Highlights from the Legal Guide: Protecting Sources and Source Material

This is the sixth in a series of posts calling attention to some of the topics covered in the Citizen Media Legal Guide we began publishing in January. This past month, we rolled out the sections on Newsgathering and Privacy, which address the legal and practical issues you may encounter as you gather documents, take photographs or video, and collect other information.

In this post, we highlight the section on Protecting Sources and Source Material, which discusses the legal challenges in maintaining the confidentiality of sources and source material and outlines the federal and state laws that may protect you from forced disclosure of your newsgathering materials. We also provide several practical tips for protecting your sources and source material.

The ability to protect your sources and newsgathering materials is often critical to your being able to gather information and inform the public. In the course of assembling information for an article, post, podcast, or other work, you may obtain information that, for a number of reasons, you do not wish to make available to the public.

Ironically, confidentiality may be an essential part of bringing information to the public's attention because as a publisher, you may only be able to gather the information if you promise not to reveal the information's source. For example, reporting that involves the criticism of government and exposure of government and corporate wrongdoing often depends on the use of confidential sources.

Fortunately, the law provides tools with which to protect the information you obtain. Absent some kind of legal protection, a journalist or other individual gathering information for dissemination to the public may be compelled to identify his or her sources and produce documents in court and other governmental proceedings. Journalists and other citizens reporting the news have been asserting their right to keep their sources and materials confidential for longer than the United States has been an independent nation. In 1734, for example, John Peter Zenger refused to give the names of his sources when he was charged with seditiously libeling British Governor William Cosby of the New York Colony. Zenger, who was later tried and acquitted, was jailed for a month due to his refusal to identify his sources.

These legal protections are vital to the free flow of information in society. If reporters (and we use that term broadly here) are seen merely as an investigative arm of the government, individuals with information of great public concern may be afraid to share that information. As a result, the public may be deprived of information of critical importance to the proper functioning of our society and our democratic form of government.

The following sections address the legal challenges facing online publishers in maintaining the confidentiality of sources and source material and discusses the federal and state laws that may protect them from forced disclosure of this information.

When you gather and publish information, it may be important to you to protect the confidentiality of your sources or source material. You may not wish for your sources' identities to be revealed, and you may not want all of the information you have gathered to be public. Here are some practical tips for you to consider when seeking to protect your newsgathering information:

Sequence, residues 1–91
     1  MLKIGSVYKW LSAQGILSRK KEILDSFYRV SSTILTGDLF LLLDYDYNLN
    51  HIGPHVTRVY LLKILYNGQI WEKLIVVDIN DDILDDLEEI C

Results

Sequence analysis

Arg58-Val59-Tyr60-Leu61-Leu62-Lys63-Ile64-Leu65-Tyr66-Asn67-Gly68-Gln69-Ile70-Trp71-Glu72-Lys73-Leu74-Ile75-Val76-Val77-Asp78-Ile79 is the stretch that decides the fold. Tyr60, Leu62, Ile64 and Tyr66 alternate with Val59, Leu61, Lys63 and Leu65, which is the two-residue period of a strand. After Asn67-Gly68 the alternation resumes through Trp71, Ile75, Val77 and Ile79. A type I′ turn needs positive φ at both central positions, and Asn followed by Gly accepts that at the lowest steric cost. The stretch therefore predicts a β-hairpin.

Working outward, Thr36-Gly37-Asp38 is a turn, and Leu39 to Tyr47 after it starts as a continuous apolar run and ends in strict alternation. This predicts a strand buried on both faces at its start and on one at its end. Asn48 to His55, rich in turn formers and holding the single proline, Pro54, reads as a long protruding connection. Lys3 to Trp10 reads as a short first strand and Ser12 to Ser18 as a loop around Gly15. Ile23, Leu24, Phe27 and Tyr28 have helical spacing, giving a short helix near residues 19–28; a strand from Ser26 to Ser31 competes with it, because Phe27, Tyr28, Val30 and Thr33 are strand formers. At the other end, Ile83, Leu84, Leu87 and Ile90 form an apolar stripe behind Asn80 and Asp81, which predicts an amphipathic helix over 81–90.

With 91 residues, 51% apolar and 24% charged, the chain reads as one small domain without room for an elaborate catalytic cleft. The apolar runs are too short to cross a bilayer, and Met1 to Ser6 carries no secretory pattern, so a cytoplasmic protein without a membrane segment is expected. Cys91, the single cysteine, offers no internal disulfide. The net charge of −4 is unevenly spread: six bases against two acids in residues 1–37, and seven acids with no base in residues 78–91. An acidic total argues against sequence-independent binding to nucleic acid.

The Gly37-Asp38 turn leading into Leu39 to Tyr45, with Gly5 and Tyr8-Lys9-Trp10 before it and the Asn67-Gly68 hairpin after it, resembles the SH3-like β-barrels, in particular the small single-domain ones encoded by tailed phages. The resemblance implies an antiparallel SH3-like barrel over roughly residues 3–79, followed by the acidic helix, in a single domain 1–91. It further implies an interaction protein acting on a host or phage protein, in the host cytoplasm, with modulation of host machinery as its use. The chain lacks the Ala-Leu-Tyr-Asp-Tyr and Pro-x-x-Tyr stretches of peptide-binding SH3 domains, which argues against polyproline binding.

• Be judicious about promising confidentiality: Promising confidentiality to your sources can provide benefits to you and your sources, but you should only offer it after you have carefully weighed the benefits and drawbacks. Review the section of this guide on Promising Confidentiality to Your Sources before making a decision. If your source demands confidentiality and your reporting requires the source, make sure you intend to maintain confidentiality if you agree. If you later decide you wish to reveal your source's identity, your source may be able to sue you if you break your promise.

  • Keep secrets secret: Once you have obtained information from a confidential source, keep the source's identity secret. It might be tempting to talk about a juicy piece of information you have discovered with your relatives, friends, or co-workers. As a practical matter, the more people who know the information, the more likely it is to be revealed. Moreover, if you reveal some information about your source's identity, you may be precluded from protecting the information in the future.

  • Research whether you can assert a "journalistic privilege" to protect your sources and unpublished information: Many states offer protection for "journalists" who receive subpoenas requesting this information. These privileges arise from a number of different sources of law, including shield laws passed by state legislatures, the U.S. Constitution and state constitutions, and the common law. Check the Legal Protections for Sources and Source Material section of this guide before revealing any information about your sources.

  • Consider where you publish your work: Where you publish your work can have an impact on your ability to protect your sources and newsgathering information. For instance, in some states you can only invoke the privilege to protect your sources if you publish in traditional print or broadcast media. In other states, you need only publish through an entity that regularly distributes news. See the Legal Protections for Sources and Source Material section of this guide for more information.

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